This is a major driver on the cost of the policy as a policy with ‘any occupation” is going to cost far less than an “own occupation” policy. Also, you want to make sure you get the coverage you need especially if you are in a higher paying profession where it is vital for you to protect your income.

4. Benefit Amount – This is the amount you will receive if you have a qualifying claim. This is tied to your income level and obviously the higher the benefit amount the higher the premium. If you seek a policy outside of your employer then you will have to provide some sort of proof of income.

Typically an employer plan may pay out at about 60% of your current salary. This is important to note depending upon how you are compensated. These policies will not cover compensation received from bonuses, overtime, deferred comp, stock options or other non-salary compensation.

Benefits received are usually reduced by other sources of disability income such as workers comp or Social Security. If you have both a personal policy and an employer provided policy the personal policy benefit will be reduced by the amount of the employer policy benefit.

Young workers in certain high paying careers (engineering, lawyer, medical fields for example) may also be able to get increased benefits based on projected earnings. This is an option that might be available to workers in their first couple of years in the field. There is a cap on the benefits they can receive but it is a higher benefit amount than if based on their current salary.

5. Benefit Length – This is the period of time you will continue to receive benefits from your policy. Generally policies will pay to your age 65 with the thought being that would be retirement age so there is no need to pay beyond that. There may be an option to receive benefits for a stated period of time such as 5 or 10 years. This might result in a lower premium but you could be at risk of losing benefits for a number of years if you select that option.

6. Policy Riders – These are options available to the policy holder that can be upgrades to the policy, of course for an additional fee. Examples include:Future Purchase – allows you to purchase additional coverage without undergoing a new medical evaluationInflation protection – Provides a benefit amount that increases each year by a couple percent to keep up with the cost of living.Waiver of premium – This allows the policy holder to no longer owe the premium while receiving the benefit.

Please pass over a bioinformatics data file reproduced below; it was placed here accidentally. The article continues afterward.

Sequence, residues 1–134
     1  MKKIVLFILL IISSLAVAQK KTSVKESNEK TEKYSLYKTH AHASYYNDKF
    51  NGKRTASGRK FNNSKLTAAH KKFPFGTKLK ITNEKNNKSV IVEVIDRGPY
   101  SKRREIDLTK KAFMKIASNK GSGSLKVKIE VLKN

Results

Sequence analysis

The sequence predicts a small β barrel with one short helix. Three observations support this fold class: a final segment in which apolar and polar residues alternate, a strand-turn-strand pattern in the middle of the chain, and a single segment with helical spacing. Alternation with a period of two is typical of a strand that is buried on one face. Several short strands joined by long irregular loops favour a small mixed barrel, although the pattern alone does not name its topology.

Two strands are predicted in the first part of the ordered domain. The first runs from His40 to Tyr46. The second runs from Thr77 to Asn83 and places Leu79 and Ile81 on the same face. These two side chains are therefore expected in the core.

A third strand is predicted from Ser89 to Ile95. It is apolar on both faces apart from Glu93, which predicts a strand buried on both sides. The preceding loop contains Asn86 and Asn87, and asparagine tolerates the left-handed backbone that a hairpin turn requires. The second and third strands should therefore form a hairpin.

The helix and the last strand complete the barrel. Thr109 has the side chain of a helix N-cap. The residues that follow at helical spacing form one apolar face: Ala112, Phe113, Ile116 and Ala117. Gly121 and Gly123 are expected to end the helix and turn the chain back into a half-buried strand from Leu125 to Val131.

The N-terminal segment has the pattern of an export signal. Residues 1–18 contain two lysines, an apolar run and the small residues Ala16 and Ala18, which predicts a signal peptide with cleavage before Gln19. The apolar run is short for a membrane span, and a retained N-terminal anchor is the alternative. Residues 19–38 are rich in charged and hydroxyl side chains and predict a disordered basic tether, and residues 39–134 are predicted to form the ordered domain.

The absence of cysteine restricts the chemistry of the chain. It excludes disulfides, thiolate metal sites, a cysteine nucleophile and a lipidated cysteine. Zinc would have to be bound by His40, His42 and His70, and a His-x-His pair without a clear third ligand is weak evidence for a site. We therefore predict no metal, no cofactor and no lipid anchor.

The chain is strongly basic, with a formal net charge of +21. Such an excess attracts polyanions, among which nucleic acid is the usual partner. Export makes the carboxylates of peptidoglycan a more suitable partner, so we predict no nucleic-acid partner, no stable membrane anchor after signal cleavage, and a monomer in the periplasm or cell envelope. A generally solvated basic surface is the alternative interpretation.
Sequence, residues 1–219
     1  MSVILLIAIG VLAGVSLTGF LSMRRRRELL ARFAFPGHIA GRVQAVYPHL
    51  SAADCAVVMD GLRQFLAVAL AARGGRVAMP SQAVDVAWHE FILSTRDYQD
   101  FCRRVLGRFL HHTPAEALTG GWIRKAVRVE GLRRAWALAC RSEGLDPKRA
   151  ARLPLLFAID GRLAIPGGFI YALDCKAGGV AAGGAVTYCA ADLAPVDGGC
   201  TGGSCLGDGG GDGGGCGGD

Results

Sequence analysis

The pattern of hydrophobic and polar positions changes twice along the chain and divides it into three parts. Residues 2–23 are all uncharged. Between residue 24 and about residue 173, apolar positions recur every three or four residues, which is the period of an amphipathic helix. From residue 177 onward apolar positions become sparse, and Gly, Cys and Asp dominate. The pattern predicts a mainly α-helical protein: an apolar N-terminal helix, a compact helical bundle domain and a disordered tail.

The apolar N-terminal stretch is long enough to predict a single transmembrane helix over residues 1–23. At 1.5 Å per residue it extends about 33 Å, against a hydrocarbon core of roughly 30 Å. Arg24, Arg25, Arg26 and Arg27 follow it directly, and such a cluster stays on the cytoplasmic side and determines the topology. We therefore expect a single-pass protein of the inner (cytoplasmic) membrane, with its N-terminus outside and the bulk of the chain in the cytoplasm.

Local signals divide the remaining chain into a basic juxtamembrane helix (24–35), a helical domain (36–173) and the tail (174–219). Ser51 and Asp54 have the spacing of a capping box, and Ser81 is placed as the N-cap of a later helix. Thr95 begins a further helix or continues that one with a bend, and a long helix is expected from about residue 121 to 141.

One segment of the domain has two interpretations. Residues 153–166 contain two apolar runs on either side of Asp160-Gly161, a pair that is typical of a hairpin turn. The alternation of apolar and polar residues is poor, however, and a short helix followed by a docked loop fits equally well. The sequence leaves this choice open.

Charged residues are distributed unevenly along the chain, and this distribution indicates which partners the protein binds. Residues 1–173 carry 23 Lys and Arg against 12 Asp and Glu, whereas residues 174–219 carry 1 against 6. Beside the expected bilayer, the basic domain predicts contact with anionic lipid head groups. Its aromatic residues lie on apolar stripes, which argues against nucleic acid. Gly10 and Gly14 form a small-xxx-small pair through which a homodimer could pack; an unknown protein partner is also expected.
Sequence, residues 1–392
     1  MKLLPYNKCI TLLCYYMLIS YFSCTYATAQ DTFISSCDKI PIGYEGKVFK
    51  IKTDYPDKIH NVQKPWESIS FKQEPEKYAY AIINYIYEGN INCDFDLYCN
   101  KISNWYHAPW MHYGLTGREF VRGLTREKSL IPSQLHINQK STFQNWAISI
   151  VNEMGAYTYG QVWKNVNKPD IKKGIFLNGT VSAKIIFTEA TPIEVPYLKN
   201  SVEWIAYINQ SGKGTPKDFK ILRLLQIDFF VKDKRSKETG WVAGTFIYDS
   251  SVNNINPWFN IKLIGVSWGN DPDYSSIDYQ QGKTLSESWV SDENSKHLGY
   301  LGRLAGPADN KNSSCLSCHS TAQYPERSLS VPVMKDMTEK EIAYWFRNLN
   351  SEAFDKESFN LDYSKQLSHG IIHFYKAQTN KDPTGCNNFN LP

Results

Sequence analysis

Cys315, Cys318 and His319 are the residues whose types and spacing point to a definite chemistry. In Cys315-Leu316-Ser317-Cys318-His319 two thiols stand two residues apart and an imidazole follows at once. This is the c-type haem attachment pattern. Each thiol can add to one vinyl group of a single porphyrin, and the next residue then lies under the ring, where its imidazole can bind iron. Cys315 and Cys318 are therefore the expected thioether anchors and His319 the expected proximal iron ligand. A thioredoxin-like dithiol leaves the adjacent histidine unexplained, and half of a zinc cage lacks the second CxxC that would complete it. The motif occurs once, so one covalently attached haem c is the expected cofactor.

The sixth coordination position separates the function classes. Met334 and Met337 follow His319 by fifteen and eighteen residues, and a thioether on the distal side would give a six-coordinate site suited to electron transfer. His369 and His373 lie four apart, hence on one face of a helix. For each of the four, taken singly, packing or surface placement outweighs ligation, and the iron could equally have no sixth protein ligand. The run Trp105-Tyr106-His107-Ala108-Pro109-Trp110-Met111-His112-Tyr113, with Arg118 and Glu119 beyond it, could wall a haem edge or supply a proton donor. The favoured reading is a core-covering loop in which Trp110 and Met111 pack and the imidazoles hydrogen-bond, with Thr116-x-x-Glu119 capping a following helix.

How disability benefits are taxed

This comes down to who is paying the premium. In the event of a typical employer provided policy replacing 60% of your income, any benefits received will be taxable income for the recipient since the employer is paying the premium. Note that this reduces your real benefit to well below 50% depending on your tax bracket. Many employers might also offer the option to purchase additional LTD coverage and the benefits related to that portion of the policy will be tax free since the employee is paying the premium. Likewise, if you don’t have an employer provided policy and have an individual policy from an outside provider all of the benefits would be tax free since you are paying the entire premium.

Because the benefits from an employer plan are taxable it is important to get the additional coverage or you could be in for a disappointment when the benefits arrive.

Difference between group and individual policies

If you are covered through your employer for LTD this is known as a group policy. Group policies tend to have much lower rates because the risk for the insurance provider is spread over a large group of people. As stated earlier these types of policies generally replace 50-60% of your income and the benefits are taxable to the recipient. Individuals may have the option to purchase additional coverage usually up to a maximum of 66% of salary. This additional coverage is still considered a group policy even though purchased by the individual so the rates will be fairly low. The benefits received from this additional coverage will be tax free. One thing to note is that your coverage with these policies ends when you leave your job.

Individual policies can be purchased from a variety of insurance providers. These policies tend to be more expensive but do have a few nice features. Generally these policies seek to replace 50-70% of salary. First, they are guaranteed renewable meaning the policy stays in force as long as you pay the premiums. Next, the policy premium generally does not increase during the life of the policy whereas coverage through an employer can have a different rate each year. Lastly, as stated before, the benefits are tax free for the recipient.

I hope that sheds a little light on the topic of disability insurance for you. This is the last post related to insurance I will be doing and will now be moving on to investments. As always, if you have any questions or concerns about your personal finances related to this or any other topic please reach out to me for a free consultation at or click here to schedule a no cost discussion.


Recent Posts

See All
bottom of page